Now that you’re on the path to better team health, it’s time to work on your dev workflow. Take a step back and look for quick wins you can start with. For example, it’s common for teams practicing DevOps to adopt a feature branching workflow using a Git (or occasionally, Mercurial).
Free tutorials like this one make the switch to feature branching way easier.
Keeping all that messy work in progress isolated on a feature branch until it’s proven to be production-worthy darn near guarantees you won’t have an “oh $#!τ” moment – the one when you realize you’ve just de-obsfucated customer data in your production logs (for example). Furthermore, you can use those automated permissions I mentioned earlier to better control the flow of changes from branch to branch, and environment to environment.
Look also at whether you have the level of code coverage you need where you need it. “Specification by example” works great here. Work with your compliance lead to understand what a compliance failure would look like (i.e., how would it manifest in the logs?), then write tests that will fail the build if those conditions are detected.
Once you have strong auto-tests, you may have the option to have passing builds automatically promoted to the next environment, depending on the specific regulations you’re working with. Again: automated deployments are your friend. They’re reliable and traceable – traits auditors love, both.
And what about other bits of overhead that could be eliminated with automation? If, for instance, you’re using Jira Software to track your work, you might integrate it with Bitbucket to take advantage of “smart commits” that automatically transition the relevant issues to the next step in the workflow and save you a trip back to your agile board. Or you could integrate your repository manager with your CI/CD tool to trigger builds automatically when a pull request is created.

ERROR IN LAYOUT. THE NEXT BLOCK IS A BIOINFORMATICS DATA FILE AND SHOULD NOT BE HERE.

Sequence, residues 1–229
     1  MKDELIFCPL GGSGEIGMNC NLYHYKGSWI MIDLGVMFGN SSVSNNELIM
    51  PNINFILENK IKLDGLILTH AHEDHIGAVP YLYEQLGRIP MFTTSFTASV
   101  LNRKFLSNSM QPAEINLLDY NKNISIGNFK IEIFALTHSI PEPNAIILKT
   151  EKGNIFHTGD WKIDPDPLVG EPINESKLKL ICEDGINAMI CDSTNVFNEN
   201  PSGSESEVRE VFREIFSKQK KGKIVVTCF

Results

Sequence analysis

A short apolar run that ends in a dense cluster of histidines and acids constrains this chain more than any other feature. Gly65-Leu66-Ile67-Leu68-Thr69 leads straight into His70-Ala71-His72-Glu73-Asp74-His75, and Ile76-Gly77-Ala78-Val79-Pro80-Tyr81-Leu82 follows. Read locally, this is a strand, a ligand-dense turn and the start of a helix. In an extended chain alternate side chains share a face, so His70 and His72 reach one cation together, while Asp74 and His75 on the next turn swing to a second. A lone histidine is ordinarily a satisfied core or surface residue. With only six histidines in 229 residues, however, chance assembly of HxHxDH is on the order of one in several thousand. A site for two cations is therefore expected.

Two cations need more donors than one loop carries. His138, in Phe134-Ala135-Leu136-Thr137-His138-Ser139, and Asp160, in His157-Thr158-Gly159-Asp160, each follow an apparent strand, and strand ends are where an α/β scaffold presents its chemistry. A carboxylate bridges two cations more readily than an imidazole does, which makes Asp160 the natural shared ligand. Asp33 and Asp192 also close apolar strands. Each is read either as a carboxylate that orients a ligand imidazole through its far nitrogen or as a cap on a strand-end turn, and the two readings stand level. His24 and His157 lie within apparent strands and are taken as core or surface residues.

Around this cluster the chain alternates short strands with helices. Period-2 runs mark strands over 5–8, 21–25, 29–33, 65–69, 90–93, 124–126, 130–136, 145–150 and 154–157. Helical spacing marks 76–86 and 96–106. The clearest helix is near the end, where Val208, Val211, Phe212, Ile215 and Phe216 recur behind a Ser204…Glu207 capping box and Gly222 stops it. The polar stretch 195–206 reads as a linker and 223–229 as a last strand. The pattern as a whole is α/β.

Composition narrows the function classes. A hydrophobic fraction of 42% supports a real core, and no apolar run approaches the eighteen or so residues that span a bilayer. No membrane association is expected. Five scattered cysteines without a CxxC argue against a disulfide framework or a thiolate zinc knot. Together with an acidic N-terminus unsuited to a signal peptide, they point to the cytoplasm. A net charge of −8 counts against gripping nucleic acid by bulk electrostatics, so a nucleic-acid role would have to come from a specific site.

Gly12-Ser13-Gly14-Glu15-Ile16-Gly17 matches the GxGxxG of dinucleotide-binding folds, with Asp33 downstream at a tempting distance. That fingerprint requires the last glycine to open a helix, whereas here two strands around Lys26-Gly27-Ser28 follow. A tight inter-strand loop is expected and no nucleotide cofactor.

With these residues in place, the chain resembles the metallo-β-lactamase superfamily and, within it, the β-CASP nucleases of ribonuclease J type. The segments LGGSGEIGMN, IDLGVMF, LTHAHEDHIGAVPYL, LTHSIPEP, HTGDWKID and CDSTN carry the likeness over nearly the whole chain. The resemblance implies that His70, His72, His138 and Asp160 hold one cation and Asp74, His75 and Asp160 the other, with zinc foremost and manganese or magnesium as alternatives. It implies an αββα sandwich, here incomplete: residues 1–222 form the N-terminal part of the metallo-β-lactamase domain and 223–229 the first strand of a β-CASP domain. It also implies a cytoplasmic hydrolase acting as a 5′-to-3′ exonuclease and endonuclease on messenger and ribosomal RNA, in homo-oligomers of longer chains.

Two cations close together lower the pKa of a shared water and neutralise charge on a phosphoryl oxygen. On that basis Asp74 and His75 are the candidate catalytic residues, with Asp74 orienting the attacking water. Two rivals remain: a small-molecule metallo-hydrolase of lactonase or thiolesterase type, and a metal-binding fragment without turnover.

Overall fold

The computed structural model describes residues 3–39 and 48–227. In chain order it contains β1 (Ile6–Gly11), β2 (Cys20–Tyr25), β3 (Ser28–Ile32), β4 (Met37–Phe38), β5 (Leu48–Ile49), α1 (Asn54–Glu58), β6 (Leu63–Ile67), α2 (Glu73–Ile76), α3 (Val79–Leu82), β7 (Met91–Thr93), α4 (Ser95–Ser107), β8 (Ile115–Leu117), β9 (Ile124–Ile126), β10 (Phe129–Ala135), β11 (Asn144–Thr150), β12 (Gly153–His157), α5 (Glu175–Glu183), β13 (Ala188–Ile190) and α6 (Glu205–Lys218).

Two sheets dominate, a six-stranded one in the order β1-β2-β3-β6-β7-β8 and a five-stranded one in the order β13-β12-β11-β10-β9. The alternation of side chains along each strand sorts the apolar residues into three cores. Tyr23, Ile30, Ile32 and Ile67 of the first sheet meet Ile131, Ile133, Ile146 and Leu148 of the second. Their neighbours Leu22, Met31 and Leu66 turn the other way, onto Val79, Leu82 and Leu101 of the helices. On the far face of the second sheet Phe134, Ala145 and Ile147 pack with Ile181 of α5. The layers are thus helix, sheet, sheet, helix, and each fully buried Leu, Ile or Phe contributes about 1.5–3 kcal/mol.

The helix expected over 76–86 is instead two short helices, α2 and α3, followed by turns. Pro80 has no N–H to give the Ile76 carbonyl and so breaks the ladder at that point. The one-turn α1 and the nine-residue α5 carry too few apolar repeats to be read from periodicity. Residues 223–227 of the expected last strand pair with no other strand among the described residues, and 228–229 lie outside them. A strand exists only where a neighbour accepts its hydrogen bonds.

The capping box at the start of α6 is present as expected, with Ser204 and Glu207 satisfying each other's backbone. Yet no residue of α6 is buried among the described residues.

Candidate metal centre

It’s a journey, not a flip of the switch
Is your head is swimming by now? Don’t stress. Tackling one thing at a time and iterating as you go makes the transition far more manageable from a logistical standpoint. Remember Maria from above? Steady improvement is exactly how her team got back on track. I’d be lying if I said it was easy. But they did it, and now they have a good groove going.
To help with the technical aspects, consider switching to a Git repository management tool like Bitbucket Server or Bitbucket Data Center. Teams like yours in regulated industries are taking advantage of Bitbucket’s support for workflow enforcement (like requiring green builds or multiple approvers on code reviews), project-level admin controls, and granular permissions capabilities.
If you’re already on Bitbucket Server/Data Center (look at you, smarty pants) and want to beef up your continuous integration practice, check out Bamboo. It’s got a complementary set of compliance-flavored capabilities like project organization, permissions, and deep integrations with Bitbucket Server and Jira Software.
A little bit of slick tooling, combined with a hefty dose of the right culture and practices, is great way to enjoy all the benefits of a DevOps approach without violating compliance rules. Who says you can’t have your cake and eat it, too? (Mmmmm… caaaaake…)
Wanna learn more about DevOps? We’ve got all the info you need to start your journey.